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Asian Tribune is published by E-LANKA MEDIA(PVT)Ltd. Vol. 20 No. 104

The LTTE Air Power: Myths and Realities

By: Ranjith Gunaratna

When the Liberation Tigers of Tamil Eeelm [LTTE] used two light training crafts to drop a couple of bombs on the Katunayake air base in Sri Lanka, many have endeavored to look at the whole episode through the glasses of their own choice and interpret accordingly. For them, it was a moral boost for the LTTE sympathizer; challenge for the security forces; headache for the Sri Lankan politicians; terrific experience for the general public; and another event for certain parties to jump on the bandwagon to assert that it happened due to strategic failure and the ill-fated ceasefire agreement. In considering these interpretations, the whole episode of the “air attacks” should be examined very carefully to assess its pros and cons. For that it is also required to look at contending arguments about use of air power or airplanes in conflicts.

In theory, in the modern wars what should be avoided, if all possible, are the heavy casualties. When the cost of war is very high it should eventually affect every aspects of life politically, socially, economically, as well as strategically. This was proved on many times in the history of war. The classic example was the Vietnam War. Therefore, the aim of the modern wars is to “subdue the enemy’s will to resist with the least possible human and economic loss.” Considering the uncertainties associated with war, Sun Tzu, the great Chinese strategist stated "it is best to win without fighting."

In the modern wars, when the cost and risk factors increased sharply, nations compelled to develop their air capabilities. Increasingly, they have recognized air armament as logical means to defeat the enemy with minimum losses. In fact, guns, artillery, tanks, bombs, and rockets have a distinctive role in a battle. Yet the airpower has become the key strategic instrument to win any war today. Undoubtedly, the LTTE has also identified this trend and acquired air capabilities supplanting traditional expenditures on other weapons.

For example, during the Second World War German cities such as Hamburg and Dresden were flattened using aerial bombardments in order to weaken the German physically as well as psychology. In NATO operations in the former Yugoslavia and coalition operations in the 1st Gulf War airpower was used extensively to minimize the human losses and end the conflicts within a shorter period.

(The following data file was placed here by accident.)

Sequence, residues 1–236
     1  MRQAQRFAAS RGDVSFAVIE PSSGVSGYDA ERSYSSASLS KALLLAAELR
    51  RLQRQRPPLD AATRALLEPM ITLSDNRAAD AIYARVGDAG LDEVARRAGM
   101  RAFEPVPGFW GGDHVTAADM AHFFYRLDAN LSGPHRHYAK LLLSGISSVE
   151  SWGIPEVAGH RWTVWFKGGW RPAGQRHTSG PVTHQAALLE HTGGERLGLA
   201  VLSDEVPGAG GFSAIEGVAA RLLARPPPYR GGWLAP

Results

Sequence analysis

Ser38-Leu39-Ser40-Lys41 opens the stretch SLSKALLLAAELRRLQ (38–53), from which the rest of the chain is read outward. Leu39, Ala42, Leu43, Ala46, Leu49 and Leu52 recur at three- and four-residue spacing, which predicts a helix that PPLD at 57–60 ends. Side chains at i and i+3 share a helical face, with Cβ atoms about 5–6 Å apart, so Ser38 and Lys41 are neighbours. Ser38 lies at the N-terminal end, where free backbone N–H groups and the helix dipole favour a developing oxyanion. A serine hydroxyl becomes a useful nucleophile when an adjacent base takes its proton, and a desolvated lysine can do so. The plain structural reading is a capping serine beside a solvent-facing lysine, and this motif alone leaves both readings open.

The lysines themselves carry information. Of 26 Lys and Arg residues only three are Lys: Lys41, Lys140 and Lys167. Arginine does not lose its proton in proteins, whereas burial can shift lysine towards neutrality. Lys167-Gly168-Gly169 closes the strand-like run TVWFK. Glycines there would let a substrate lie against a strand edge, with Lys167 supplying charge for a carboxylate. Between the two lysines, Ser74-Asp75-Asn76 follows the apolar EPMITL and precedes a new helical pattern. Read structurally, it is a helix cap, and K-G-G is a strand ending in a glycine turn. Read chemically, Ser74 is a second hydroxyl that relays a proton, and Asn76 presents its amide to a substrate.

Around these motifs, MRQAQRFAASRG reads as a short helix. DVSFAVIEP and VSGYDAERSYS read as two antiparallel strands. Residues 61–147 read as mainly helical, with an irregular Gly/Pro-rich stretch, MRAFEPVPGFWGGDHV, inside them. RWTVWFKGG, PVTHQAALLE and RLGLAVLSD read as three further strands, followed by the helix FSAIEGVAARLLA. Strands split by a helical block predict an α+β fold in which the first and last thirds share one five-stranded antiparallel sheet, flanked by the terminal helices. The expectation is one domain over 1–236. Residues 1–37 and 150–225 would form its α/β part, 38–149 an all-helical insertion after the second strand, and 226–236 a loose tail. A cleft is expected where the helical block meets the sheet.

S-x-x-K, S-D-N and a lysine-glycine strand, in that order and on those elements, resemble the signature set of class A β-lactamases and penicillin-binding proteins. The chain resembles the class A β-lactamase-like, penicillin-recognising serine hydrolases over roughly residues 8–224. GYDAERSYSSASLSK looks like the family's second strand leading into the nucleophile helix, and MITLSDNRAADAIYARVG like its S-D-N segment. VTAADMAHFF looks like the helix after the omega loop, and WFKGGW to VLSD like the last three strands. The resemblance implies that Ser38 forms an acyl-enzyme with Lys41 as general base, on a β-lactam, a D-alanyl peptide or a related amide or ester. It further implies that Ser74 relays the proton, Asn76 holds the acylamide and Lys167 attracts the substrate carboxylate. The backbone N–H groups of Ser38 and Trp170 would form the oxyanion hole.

Unquestionably, an airplane is a “psychological weapon.” It is also a “guerrilla weapon.”

According to Italian Air Marshal Guilio Douhet, who is a classical airpower theorist, to conquer in the air means victory; to be beaten in the air means defeat.

Thinking about modern wars, Colonel John Wrden, a modern air power theorist, summarized the importance of the air superiority as follows.

"An air superiority is a necessity. Since the German attack on Poland in 1939, no country has won a war in the face of enemy air superiority, no major offensive has succeeded against an opponent who controlled the air, and no defense has sustained itself against an enemy who had air superiority. Conversely, no state has lost a war while it maintained air superiority, and attainment of air superiority consistently has been a prelude to military victory."

In the light of the above, it is useful to analyze the so-called air power of the LTTE. It is important to note that simply the airpower won't give the winning edge but the air superiority is the key to victory. For example, during the Gulf Wars Iraq had a reasonable air power but it did not possess air superiority over the USA and the allies.

Therefore, in theory, with a few light training crafts the LTTE will not be able to pose a greater challenge to the air superiority of the Sri Lankan Government. It will also not possible for them to carry out extensive operations against the security forces or other targets in Sri Lanka. In a nutshell, the LTTE air power is incapable of changing the present Sri Lankan scenario very dramatically. The pay load of the LTTE crafts, their ability to maneuver in extreme weather and operational conditions are very low in comparison to the air capabilities of the Sri Lankan air force.